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Bercovici v. Chaplin: 1947 - Plaintiff Claims Oral Agreement

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On the witness stand, Bercovici said that he suggested a picture on dictators while visiting Chaplin's Pebble Beach, California home in 1938, and that Chaplin orally agreed to its production but subsequently rejected the idea. Nevertheless, he insisted, The Great Dictator, based on his script, appeared two years later.

In a courtroom filled to capacity, the final witness was Chaplin himself. The white-haired, 58-year-old comedian spoke rapidly and clearly to the jury of nine men and three women, gesturing frequently with his head and arms. When Bercovici suggested the idea, he said, he told the writer that he had been thinking it over himself for some time, and had outlined the story he had in mind not only to Bercovici but to Melvyn Douglas and others.

On direct examination, Chaplin identified his scrapbook for 1936. It contained several stories concerning the similarity of Hitler's mustache to the one Charlie wore on the screen. Chaplin's attorney, Louis Frohlich, asked, "Had the idea of impersonating Hitler come to you for the first time from Mr. Bercovici?"

"It had not," replied the witness.

Attorney Nizer introduced Bercovici's script as evidence. Chaplin said he had never seen it before. Nor did he make oral agreements, he said. His practice was to have all contracts in written form.

The next afternoon, May 1, Judge Burke called the attorneys for both sides to his office and asked them how much longer they expected the trial to last. Then he remarked, "I don't suppose you gentlemen ever thought of settling this, did you?"

The two sides, including Chaplin and Bercovici themselves, bargained from late afternoon until 10:00 P.M. The Bercovici side dropped first to $500,000, then to $350,000. Actively negotiating on his own behalf, Chaplin said he would not consider any settlement "in six figures." They finally agreed that Chaplin would pay Bercovici $95,000, including $5,000 for his legal expenses. Bercovici agreed to deliver to Chaplin a release covering any rights he had asserted in The Great Dictator. Chaplin also gained worldwide motion-picture rights to two Bercovici scenarios. Judge Burke dismissed the jury.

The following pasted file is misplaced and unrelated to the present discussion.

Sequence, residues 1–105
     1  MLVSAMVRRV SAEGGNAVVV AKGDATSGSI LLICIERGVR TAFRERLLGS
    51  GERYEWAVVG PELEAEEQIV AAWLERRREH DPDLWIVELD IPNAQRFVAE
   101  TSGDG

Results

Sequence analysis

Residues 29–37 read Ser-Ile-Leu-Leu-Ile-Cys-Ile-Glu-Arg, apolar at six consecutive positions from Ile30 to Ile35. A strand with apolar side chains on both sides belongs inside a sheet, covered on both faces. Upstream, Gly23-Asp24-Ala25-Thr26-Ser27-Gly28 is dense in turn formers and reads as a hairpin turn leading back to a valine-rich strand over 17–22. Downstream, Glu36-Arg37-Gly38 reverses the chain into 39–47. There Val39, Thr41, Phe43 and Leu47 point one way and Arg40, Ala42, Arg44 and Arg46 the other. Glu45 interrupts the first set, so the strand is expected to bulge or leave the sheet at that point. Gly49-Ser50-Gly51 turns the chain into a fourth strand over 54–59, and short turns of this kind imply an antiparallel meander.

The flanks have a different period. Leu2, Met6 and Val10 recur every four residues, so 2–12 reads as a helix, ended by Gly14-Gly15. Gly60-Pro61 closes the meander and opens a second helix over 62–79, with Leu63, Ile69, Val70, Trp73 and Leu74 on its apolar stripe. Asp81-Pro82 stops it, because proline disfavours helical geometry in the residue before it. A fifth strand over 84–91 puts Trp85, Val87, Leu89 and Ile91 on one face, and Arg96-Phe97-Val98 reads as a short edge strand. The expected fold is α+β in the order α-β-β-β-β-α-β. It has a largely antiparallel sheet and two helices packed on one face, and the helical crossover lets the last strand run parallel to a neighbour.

Five years later, Charlie Chaplin departed from the United States and settled in Switzerland with his young wife, the former Oona O'Neill, and their growing family. He died there in 1977 at the age of 88. It is not known whether he ever again saw his longtime friend Konrad Bercovici.

Bernard Ryan, Jr.

Suggestions for Further Reading

Chaplin, Charles. My Autobiography. New York: Simon & Schuster, 1964.

Chaplin, Charles, Jr. My Father, Charlie Chaplin. New York: Random House, 1960.

Epstein, Jerry. Remembering Charlie. Garden City, N.Y.: Doubleday & Co., 1989.

Gifford, Denis. Chaplin. Garden City, N.Y.: Doubleday & Co., 1960.

Haining, Peter. The Legend of Charlie Chaplin. Secaucus, N.J.: Castle, 1982.

MlcCabe, John. Charlie Chaplin. Garden City, N.Y.: Doubleday & Co., 1978.

McCaffrev, Donald W., ed. Focus on Chaplin. Englewood Cliffs, N.J.: Prentice Hall, 1971.

Manvell, Roger. Chaplin. Boston: Little, Brown & Co., 1974.

Robinson, David. Chaplin, His Life and Art. New York: McGraw-Hill, 1985.

. Chaplin, the Mirror of Opinion. Bloomington: Indiana University Press, 1983.

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over 10 years ago

As Konrad Bercovici's granddaughter, I advise you to add Joyce Milton's "Tramp" to your list of further reading on the subject. She interviewed the family extensively as well as reviewing the archives of the actual trial and papers surrounding it. Not only was Melvyn Douglas NOT there when CC supposedly acted the story idea out to him, he serve as grandpa's WITNESS at the trial because it was KB who acted it out for both of them on a trip out to Pebble Beach. CC also told the press initially what a great story his friend Konrad had given him. My mother typed the treatment and script. Charlie was a childhood friend and godfather to my aunt, Rada Bercovici and did, indeed, make frequent verbal contracts with grandpa because of their close friendship. This friendship was heralded many times in print at the time, including interviews, photos and grandpa's dedication of one of his early books "Murdo" to him, as much of it was written in grandpa's bungalow on CC's film company lot. They also co-copyrighted other material together. The whole story will come out soon in a book and film to be made from it we are currently working on. In the meantime, you do need to check some of the scenario you have laid out.